Saturday, May 29, 2010

Our Farm

I don't know if you know it or not, but we are farmers. Sure, we are sophisticated urban types, but we are farmers nonetheless. (You did see my tongue firmly implanted in my cheek when I wrote of my sophistication, didn't you? I AM of course, but I work very hard to not overwhelm you with it on a daily basis.) In fact, we are currently working our collective buttocks off growing hay.

This is an arduous task involving making sure there is enough water on a regular basis. Our needs in this area have been met through rainfall, so our dancing has paid off. We must also wait for it to grow and not mow it down. This, too has been done. It might sound easy, but our place really looks better mowed and we don't get nearly as many ticks embedded in our flesh and that of our new puppy when the grass is low. This is an unpleasant thing to find on yourself and removing them from others is also unpleasant, so we don't cut at a great sacrifice. Now we are waiting for a local farmer to cut and bale it for us. This is nerve wracking as he has to cut it at the right time and we have no control over his coming, so a lot of stress for us.

In addition to growing hay, we are also engaged in growing blackberries. When we first moved here, there was so much growth everywhere it was hard to see what we had. We spent a considerable amount of time clearing and now we have to keep it up. We are waiting to see that which is to be hay and then we will cut the rest, EXCEPT where there are stream beds running through our property. There doesn't seem to be any water in these beds, but there ARE tons of blackberry bushes. Not the nice plump berries you see in the market. Ours are the wild kind with thorns and bugs and a bazillion seeds. But they STILL make a great jam. I didn't make any last year, but I am going to THIS year.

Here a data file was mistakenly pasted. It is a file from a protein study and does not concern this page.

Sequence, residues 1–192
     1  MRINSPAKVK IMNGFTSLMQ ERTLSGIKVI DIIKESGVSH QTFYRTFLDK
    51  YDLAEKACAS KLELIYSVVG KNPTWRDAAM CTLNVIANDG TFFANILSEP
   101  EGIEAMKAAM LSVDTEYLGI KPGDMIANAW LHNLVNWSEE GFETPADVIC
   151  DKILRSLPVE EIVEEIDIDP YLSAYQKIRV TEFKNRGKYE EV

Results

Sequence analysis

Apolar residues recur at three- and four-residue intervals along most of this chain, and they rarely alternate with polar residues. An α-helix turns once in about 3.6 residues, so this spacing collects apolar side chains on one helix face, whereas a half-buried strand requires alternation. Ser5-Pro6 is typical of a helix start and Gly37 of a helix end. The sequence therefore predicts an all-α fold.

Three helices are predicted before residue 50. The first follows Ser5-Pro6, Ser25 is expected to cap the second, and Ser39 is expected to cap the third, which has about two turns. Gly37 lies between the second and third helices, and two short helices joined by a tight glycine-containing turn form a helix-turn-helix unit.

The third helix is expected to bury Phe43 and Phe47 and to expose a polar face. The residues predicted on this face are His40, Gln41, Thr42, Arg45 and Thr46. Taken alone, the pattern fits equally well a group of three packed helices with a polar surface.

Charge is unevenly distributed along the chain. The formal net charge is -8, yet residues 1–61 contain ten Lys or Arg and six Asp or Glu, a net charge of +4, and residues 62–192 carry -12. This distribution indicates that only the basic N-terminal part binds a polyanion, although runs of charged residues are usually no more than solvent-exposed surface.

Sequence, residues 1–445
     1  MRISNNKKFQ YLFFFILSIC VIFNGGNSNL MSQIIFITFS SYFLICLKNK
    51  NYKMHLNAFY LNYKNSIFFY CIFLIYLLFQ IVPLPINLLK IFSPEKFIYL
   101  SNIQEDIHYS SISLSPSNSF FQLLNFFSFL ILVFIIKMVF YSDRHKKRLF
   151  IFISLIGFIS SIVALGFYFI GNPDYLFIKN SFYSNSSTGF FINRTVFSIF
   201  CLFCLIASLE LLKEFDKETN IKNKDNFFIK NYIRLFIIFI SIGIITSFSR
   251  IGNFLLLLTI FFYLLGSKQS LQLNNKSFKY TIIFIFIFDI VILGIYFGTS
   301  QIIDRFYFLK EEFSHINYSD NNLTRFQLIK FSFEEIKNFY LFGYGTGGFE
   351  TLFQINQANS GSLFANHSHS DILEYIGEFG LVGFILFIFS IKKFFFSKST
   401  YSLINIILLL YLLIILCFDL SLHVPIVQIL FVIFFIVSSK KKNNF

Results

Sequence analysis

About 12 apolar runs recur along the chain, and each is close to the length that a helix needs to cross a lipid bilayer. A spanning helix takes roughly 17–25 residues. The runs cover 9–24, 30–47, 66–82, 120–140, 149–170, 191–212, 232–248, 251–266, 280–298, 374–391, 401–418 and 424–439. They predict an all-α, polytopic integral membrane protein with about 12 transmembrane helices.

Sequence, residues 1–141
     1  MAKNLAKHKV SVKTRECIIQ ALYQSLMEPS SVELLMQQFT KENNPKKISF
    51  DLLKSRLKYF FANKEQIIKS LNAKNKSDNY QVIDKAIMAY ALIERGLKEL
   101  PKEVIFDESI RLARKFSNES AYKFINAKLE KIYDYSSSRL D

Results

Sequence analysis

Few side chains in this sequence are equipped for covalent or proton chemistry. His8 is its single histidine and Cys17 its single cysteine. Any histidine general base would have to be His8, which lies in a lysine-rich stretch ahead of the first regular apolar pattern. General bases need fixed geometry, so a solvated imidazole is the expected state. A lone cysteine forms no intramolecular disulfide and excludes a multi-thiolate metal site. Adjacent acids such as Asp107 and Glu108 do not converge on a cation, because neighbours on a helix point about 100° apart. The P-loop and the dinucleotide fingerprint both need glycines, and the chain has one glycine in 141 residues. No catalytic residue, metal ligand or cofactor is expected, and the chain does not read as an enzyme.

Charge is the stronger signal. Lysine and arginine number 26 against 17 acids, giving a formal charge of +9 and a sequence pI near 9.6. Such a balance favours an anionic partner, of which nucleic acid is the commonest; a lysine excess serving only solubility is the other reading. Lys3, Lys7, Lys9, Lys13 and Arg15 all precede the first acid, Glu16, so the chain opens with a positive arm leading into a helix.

Now, those are the crops we have currently. In addition to these that we have in abundance, we have just planted a veggie garden. I would like to extend it, but it may not be worth the work. It is completely fenced and we don't have a problem with deer and rabbits, so the existing fence determines the size of our garden. We just planted tomatoes, basil, yellow squash, zucchini, rosemary and mint. The mint is for mojitos!

We have our small orchard, too. Unfortunately one tree was a victim of peach leaf curl, due to my negligence. The times I should have sprayed we were too snowed in to think of it and then spring came and I got busy with other things. So nothing there for another year. We would only have had a few anyway as it is still growing, but there were 10 or so small peaches that will not be. Next year, as God is my witness, I won't forget to spray!

I am unhappy with the state of our blueberries. The guy from Gross' Orchard, where we buy our plants, said to put sulphur on them and we did. We have a few berries, but not a lot of foliage, so I guess we will wait another season or two for them, too. I may have used too much compost, but it is old and the soil where we planted them is so rocky, thought it would be OK.

We have a few apples growing and that should be fun. All of our trees are young, so we can't expect too much of a crop for a few more years. I would plant a lot more, but each tree has to be fenced to keep the deer off and then we have to mow around them and round up inside the fence line, so we will stop with what we have and see what we get in a few years.

I don't suppose our 10 fruit trees will be a crop that we can sell, but I can make pies and jam and that is what I want them for. I would like to cut more hay and have a pick-your-own blackberry farm, but that is for the future. I'll keep you informed of the progress on that front.

Our current best crop is the compost, or processed hay, we get from the horses. It is the source of any success we might have with any of our other "crops"!

My wonderful daughter-in-law told me about another "cash crop" I am considering. It is called Air BnB and users sign up to have a spare room or house or even castle (assuming you HAVE a spare castle, which I currently do not) be listed for travelers to book a room, etc. and if you like them you can have visitors come and pay you as though you are an established bed and breakfast. It sounds fun and I am going to look into the notion. A "farmstay" in the country! Any thoughts or suggestions?

1 comment:

  1. I am not sure but the county might consider that actually being a B&B and require a zoning permit. You might want to check.

    Your crops look good. Well done!